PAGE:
Model Sailing Ship

From

Wingham Museum

Name/Title

Model Sailing Ship

About this object

This well detailed hand crafted wooden model of a Barquentine sailing ship was built by Thomas Thornley [1865-1933] lighthouse keeper at Crowdy Head from 1892 until 1920 when the lighthouse was automated. It is believed Thomas built the model as a gift for his daughter Nell and survives today in its original sealed glass case.

Crowdy Head lighthouse and keeper’s cottage was built in 1878 and became operational in 1879. Thomas Thornley was the lighthouse’s third keeper. Lighthouse keeping was often a family job and in this case, Thomas’ wife Alice was employed as assistant lighthouse keeper and his daughter Nell as housekeeper.

Lighthouse keepers usually worked in isolated and lonely areas, and model ship building was a common hobby of lighthouse keeper’s reflecting their affection for the sea and the many ships that sailed past them. Many lighthouse keepers built models to help pass the time and as a relief from the many monotonous and daily repetitive tasks of tending to the lighthouse maintenance.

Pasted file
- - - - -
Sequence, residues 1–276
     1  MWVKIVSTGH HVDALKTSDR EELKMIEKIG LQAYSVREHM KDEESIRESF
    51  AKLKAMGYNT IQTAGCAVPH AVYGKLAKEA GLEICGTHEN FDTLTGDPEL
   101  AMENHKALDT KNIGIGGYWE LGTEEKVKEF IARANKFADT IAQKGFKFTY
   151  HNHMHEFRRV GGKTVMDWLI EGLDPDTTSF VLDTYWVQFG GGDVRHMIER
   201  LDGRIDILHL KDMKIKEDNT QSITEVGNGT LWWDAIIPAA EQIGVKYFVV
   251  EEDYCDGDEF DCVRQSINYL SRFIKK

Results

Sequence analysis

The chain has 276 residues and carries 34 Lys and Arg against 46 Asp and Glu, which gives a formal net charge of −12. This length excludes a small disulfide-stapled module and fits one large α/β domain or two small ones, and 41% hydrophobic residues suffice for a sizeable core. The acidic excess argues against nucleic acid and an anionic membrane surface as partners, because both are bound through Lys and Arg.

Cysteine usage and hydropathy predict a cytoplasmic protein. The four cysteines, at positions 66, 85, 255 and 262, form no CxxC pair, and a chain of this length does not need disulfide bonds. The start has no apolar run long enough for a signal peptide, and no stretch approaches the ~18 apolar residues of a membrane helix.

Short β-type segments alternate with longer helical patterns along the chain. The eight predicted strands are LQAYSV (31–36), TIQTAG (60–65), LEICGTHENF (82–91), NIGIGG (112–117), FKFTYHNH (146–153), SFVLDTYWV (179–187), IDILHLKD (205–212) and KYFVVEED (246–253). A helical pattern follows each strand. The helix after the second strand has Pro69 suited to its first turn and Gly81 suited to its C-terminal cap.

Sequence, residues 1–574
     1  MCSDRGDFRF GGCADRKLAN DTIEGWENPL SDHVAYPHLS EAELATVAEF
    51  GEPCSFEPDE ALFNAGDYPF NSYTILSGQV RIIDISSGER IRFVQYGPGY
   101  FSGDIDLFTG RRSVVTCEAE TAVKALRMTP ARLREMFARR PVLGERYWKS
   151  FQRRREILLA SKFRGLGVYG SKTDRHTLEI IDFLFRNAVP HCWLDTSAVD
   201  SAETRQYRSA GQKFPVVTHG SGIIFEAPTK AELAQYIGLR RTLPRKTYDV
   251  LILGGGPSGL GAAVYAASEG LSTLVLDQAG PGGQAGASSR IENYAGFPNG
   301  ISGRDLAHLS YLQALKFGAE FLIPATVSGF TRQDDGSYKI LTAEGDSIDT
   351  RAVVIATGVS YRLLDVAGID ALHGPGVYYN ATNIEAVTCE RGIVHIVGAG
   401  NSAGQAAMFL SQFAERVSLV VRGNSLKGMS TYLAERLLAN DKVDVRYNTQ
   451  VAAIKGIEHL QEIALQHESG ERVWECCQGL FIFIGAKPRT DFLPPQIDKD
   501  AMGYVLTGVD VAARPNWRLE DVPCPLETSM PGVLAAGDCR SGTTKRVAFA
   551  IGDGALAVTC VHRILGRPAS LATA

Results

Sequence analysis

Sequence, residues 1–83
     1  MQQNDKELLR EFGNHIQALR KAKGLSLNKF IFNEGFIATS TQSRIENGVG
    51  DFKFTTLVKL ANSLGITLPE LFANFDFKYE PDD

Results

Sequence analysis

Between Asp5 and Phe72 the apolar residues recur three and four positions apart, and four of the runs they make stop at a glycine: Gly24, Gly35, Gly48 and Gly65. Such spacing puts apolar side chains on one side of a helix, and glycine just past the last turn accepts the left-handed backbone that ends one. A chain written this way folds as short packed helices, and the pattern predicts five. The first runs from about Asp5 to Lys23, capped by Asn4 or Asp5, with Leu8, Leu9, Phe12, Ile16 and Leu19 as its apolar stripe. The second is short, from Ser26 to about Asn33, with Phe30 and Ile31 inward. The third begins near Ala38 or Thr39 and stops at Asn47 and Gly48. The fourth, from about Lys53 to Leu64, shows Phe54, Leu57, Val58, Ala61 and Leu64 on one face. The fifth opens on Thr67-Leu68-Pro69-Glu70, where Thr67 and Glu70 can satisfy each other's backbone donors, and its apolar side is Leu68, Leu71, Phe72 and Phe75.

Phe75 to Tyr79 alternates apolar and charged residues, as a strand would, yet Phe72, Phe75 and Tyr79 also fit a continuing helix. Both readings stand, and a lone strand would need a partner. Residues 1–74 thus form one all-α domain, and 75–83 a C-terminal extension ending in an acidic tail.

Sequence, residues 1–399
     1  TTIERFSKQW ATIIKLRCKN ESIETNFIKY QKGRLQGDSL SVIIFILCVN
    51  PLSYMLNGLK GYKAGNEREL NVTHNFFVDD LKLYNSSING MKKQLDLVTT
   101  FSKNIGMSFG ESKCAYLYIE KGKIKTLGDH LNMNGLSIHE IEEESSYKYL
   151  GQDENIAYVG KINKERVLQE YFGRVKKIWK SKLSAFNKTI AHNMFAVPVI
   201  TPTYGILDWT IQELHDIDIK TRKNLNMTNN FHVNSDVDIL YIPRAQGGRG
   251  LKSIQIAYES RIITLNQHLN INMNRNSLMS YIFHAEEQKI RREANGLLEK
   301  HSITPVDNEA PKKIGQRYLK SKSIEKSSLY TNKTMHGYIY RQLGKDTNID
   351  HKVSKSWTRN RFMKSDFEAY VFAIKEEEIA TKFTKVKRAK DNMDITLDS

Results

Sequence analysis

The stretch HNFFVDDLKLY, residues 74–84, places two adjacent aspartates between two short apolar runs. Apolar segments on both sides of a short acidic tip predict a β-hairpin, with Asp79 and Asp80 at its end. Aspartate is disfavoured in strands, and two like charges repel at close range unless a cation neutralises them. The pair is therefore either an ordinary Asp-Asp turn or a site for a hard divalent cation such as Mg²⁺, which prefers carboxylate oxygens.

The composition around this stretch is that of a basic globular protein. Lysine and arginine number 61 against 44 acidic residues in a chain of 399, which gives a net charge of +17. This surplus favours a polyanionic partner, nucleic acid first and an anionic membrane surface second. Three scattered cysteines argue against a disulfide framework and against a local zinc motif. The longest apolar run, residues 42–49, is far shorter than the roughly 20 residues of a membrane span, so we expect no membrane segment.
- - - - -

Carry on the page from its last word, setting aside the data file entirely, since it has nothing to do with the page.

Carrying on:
Thomas Thornley had a long association with the sea and his observation of grain ships passing the lighthouse was likely the inspiration for this model. Each element of the model is detailed and well crafted including its masts and rigging. Perhaps Thomas built the model to capture a large timber ship going out of fashion.

This model is a reminder of the beauty of sailing ships of a bygone era and reflects Thomas Thornley’s love of the ocean, and the ships he helped protect and guide in his role as a lighthouse keeper.

Barbara Waters
1 August 2014

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